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When Food meets AI: the Smart Recipe Project

Part 3. FoodGraph: Loading data and Querying the graph with SPARQL

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Did you ever try a Maritozzo?

In the past post, we converted the recipe data, stored in JSON files, into RDF triples. In this post, we show you:

  • how we loaded this data on Amazon Neptune;
  • how we integrated the output of the extractor and classifier systems in FoodGraph;
  • how we can query the graph to extract useful and connected information.

To query the graph, we use SPARQL. SPARQL is an RDF query language, namely a semantic query language for databases, able to retrieve and manipulate data stored or viewed in the RDF format.

Loading data on Amazon Neptune

We followed the described procedure to load the RDF triples on the Amazon Neptune service.
We used an Amazon Simple Storage Service, the Amazon S3 bucket. Firstly we created an S3 bucket; then we uploaded the data. In this first phase, we loaded the RDF data to build the first level of the graph (see the previous article).

In the case we want to add a few recipes at the time, we can alternatively use the SPARQL statement INSERT DATA :

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Integrating the extractor and classifier services within the graph

Once the recipes have been loaded, we checked whether there are recipes not yet processed by the extractor and classifier services. This means to check which recipes have not
i) food entity chunks extracted (the bnode in the graph, see the previous article);
ii) ingredients classified.

This is the SPARQL query to check whether bnodes exist in the graph (through the statement FILTER NOT EXISTS), which is equivalent to say β€œreturn all the recipes without bnodes”:

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Extracting knowledge from the graph via SPARQL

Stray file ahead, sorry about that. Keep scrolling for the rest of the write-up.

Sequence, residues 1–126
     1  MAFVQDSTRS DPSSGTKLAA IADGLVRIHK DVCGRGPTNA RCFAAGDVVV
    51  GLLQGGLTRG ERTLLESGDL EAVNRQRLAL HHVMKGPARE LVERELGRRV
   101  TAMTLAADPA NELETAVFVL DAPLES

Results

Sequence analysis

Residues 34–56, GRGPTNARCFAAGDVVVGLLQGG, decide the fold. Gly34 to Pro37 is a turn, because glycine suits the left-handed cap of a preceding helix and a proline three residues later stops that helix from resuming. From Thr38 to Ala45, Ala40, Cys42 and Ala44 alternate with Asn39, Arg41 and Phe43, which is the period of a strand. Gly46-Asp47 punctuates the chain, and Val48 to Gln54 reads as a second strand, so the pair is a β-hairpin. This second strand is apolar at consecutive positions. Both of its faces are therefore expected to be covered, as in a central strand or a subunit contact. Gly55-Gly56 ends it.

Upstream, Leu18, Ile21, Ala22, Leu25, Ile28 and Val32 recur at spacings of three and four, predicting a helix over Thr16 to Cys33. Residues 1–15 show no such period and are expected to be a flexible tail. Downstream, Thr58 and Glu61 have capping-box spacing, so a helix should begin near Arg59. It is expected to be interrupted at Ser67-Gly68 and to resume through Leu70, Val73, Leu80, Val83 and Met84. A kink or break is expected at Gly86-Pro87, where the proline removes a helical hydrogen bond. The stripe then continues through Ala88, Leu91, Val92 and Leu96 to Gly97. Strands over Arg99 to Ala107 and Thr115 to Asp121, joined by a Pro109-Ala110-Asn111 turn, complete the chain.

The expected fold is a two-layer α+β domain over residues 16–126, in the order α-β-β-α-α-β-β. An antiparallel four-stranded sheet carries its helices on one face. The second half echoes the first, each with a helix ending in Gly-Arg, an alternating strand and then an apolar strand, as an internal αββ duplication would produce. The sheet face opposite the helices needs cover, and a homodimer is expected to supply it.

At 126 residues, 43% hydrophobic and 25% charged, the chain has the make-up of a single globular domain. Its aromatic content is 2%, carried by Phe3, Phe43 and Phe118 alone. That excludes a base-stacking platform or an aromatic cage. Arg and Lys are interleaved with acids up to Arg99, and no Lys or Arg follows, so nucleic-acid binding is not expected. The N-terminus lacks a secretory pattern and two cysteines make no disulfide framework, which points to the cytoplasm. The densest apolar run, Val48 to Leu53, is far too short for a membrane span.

Now the graph is on Amazon Neptune. Let’s have fun of these connections, extracting knowledge from the graph:

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With the above query we interrogate the graph to know 1) whether there are recipes containing the ingredient β€œbutter” and 2) which are these recipes. The WHERE statement navigates the graph following the pattern described in the triples to arrive at the query result. In this case, the output is the id of the recipes which have the ingredients ”butter”.
We can query the graph to return recipes containing more than one ingredient or all the recipes containing some ingredients and not others:

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The Smart Recipe Project: what has been done, what can be done

With this last article, we conclude illustrating the main stages of the Smart Recipe Project, this innovative and amazing project involving on one side the global company CondΓ© Nast, and on the other the IT company RES.

We have in mind some possible interesting applications for the resources we developed under the Smart Recipe Project like:

personalization of contents, personalized recipe searchers, newsletter;
recommendation systems for food items, recipes, and menus, which integrate, where needed, dietary restrictions;
virtual assistants, able to guide you in planning and cooking meals;
smart cooking devices, and much more.

As always, go on Medium to read the complete article.


When Food meets AI: the Smart RecipeΒ Project
a series of 6 amazing articles

Table of contents

Part 1: Cleaning and manipulating food data
Part 1: A smart method for tagging your datasets
Part 2: NER for all tastes: extracting information from cooking recipes
Part 2: Neither fish nor fowl? Classify it with the Smart Ingredient Classifier
Part 3: FoodGraph: a graph database to connect recipes and food data
Part 3. FoodGraph: Loading data and Querying the graph with SPARQL

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